Tuesday, December 31, 2013

A Recipe for the New Year

Oh dear, this was going to be no more than a brief note, a simple message designed to wish you a very happy New Year.  Then, I stopped to ponder . . . and, yes, you can guess the consequences.

If you're busy after Christmas, and would rather have no more than the brief note, then please feel free to stop here.  But, if you'd like to share the journey . . .  and I'd love to have you . . .  you're very welcome to come.

Tell me, have you ever stopped to consider the word 'new?
It is, as I've discovered, nowhere near as simple and uncomplicated as you'd think.

To the modern world, 'new'  doesn't merely mean 'freshly arrived', it's also synonymous with 'improved'.  When we read 'New Recipe!' emblazoned on a dish in the supermarket, the words imply that the old version was lacklustre and flavourless.  This 'new recipe', on the other hand, offers all the mouthwatering appeal that the old one lacked.  True, this is a marketing ploy, but it wouldn't be so successful were we not conditioned to expect the multiple benefits implied by the word 'new'.

Which brings us to the fast-approaching New Year.  Seen in these terms, a new year is not merely a change in the date . . . the time for a new diary and a new calendar on the wall . . . it has far more excitement to offer.  The approaching year is introducing a new ingredient into our lives.  It is, so we hope, improving the recipe.

Wouldn't you agree that we need a new recipe?  Three-hundred-and-sixty-five days are as much as we can take in the dish labelled '2013'.   Weary in the middle of winter, burdened by the old year's accumulation of events, we need the concept of renewal . . . the offer of a new opportunity, the promise of a fresh chance.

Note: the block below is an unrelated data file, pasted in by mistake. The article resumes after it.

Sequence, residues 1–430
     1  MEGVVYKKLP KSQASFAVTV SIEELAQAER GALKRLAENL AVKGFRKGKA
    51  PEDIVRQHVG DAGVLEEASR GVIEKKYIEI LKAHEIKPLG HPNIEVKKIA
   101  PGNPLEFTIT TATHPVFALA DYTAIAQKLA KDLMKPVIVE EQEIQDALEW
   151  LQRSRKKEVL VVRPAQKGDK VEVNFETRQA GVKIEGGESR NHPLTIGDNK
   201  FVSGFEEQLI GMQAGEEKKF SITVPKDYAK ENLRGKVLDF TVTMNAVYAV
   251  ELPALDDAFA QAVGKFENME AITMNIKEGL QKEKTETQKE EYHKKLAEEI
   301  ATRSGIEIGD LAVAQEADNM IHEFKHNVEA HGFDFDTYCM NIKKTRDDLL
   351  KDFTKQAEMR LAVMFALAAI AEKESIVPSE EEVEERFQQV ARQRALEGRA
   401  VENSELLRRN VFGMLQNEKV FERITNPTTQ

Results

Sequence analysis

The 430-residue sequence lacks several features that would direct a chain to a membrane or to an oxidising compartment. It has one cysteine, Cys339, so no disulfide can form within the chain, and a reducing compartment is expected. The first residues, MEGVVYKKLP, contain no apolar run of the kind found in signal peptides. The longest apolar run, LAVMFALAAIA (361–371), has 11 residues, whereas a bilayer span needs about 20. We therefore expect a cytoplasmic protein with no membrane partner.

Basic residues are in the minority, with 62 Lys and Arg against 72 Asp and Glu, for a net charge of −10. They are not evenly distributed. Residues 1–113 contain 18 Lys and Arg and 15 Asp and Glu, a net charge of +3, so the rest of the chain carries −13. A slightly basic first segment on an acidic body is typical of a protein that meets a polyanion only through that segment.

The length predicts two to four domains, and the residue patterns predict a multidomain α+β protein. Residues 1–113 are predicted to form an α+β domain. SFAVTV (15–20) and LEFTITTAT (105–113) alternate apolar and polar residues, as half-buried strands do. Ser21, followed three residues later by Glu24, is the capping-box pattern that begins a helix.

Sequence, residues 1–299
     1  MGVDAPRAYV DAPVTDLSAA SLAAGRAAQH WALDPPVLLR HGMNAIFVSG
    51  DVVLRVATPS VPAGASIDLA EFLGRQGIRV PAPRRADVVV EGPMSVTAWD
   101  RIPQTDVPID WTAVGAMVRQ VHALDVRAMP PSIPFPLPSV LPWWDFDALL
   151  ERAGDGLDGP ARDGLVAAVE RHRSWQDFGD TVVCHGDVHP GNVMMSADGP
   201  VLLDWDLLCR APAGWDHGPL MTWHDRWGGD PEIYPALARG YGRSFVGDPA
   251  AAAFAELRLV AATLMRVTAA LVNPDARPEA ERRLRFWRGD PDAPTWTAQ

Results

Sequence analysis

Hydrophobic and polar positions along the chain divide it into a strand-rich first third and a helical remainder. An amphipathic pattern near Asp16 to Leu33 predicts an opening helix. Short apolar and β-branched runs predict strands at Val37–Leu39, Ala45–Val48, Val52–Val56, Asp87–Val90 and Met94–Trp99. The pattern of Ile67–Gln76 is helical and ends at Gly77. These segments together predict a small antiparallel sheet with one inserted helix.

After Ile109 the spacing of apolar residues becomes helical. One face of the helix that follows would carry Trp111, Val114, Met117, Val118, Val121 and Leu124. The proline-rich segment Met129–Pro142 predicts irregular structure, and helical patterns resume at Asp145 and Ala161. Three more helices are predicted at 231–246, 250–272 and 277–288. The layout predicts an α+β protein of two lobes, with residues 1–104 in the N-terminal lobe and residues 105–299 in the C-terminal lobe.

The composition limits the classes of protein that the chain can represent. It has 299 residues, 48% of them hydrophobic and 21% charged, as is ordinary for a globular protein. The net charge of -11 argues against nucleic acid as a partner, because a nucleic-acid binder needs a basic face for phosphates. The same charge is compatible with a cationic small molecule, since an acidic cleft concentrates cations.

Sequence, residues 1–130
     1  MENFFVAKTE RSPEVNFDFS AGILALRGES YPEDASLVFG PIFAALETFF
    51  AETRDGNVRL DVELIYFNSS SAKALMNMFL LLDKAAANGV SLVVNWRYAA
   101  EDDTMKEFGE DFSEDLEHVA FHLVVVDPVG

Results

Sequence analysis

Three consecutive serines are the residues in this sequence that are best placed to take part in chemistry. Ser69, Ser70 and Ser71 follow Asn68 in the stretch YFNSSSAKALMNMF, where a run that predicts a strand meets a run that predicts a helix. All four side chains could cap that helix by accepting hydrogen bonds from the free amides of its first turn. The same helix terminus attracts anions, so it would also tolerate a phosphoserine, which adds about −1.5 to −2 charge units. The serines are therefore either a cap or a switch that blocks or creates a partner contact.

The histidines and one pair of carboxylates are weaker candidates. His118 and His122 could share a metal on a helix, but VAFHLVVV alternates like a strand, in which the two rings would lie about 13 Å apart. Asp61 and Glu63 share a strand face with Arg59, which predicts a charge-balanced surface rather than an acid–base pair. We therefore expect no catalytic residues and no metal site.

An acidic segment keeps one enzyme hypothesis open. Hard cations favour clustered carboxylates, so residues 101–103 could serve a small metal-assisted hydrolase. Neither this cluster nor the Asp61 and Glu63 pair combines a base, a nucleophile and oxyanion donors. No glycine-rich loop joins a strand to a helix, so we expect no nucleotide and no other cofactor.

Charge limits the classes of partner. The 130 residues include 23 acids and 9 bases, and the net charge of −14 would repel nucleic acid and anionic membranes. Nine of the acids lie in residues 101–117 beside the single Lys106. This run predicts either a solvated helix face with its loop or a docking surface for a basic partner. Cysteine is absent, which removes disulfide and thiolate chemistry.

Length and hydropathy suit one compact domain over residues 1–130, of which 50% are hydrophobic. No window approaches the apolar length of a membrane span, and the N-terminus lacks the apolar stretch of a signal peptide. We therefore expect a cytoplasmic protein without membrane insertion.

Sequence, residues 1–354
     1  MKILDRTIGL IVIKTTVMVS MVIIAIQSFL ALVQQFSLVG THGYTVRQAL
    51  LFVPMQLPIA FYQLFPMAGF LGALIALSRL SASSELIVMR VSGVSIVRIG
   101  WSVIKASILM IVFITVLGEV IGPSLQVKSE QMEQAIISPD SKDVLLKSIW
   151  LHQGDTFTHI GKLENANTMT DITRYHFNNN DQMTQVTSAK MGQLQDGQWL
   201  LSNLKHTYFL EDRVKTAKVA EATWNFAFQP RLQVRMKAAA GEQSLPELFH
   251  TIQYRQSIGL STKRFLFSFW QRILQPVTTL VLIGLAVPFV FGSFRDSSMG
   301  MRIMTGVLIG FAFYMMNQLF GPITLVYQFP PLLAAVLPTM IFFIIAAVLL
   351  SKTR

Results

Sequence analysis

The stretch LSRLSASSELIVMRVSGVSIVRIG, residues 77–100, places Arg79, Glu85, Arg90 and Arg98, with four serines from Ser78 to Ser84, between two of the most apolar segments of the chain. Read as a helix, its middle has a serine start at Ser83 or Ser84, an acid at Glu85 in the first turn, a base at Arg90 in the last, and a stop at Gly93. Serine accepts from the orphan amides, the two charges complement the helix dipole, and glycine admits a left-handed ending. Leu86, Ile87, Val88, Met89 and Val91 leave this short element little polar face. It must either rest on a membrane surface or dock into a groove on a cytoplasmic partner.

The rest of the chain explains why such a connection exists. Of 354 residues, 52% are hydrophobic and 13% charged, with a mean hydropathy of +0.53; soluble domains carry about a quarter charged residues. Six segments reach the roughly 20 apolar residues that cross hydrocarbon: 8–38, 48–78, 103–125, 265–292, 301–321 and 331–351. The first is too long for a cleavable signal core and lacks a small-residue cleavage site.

So, what is a New Year?  Surely it's no more than a date, a label stuck at random on a revolving planet?   Maybe, but that label is critical to us.

Around the globe, as tradition dictates, the clocks will reach midnight in slow sequence. One after the other, the bells will ring out and the old year will pass into history.

What can we expect in 2014?

It would seem that there are two aspects to a New Year.  There's that over which we have no control . . . the slings and arrows, and the unexpected blessings.  Then there's the 'new and improved recipe'  . . .  our contribution to the menu.

The ingredients for that recipe are the same powerful mixture that has dominated man's actions down the centuries . . . but, as always, it's up to us which ones we'll select for the year ahead.
Might I suggest a nutritious blend of 'love', 'trust' and 'collaboration' . . .  mixed with 'care' and liberally seasoned with 'gratitude'?

Whatever awaits . . .  may it prove a happy and truly nourishing New Year for all of us.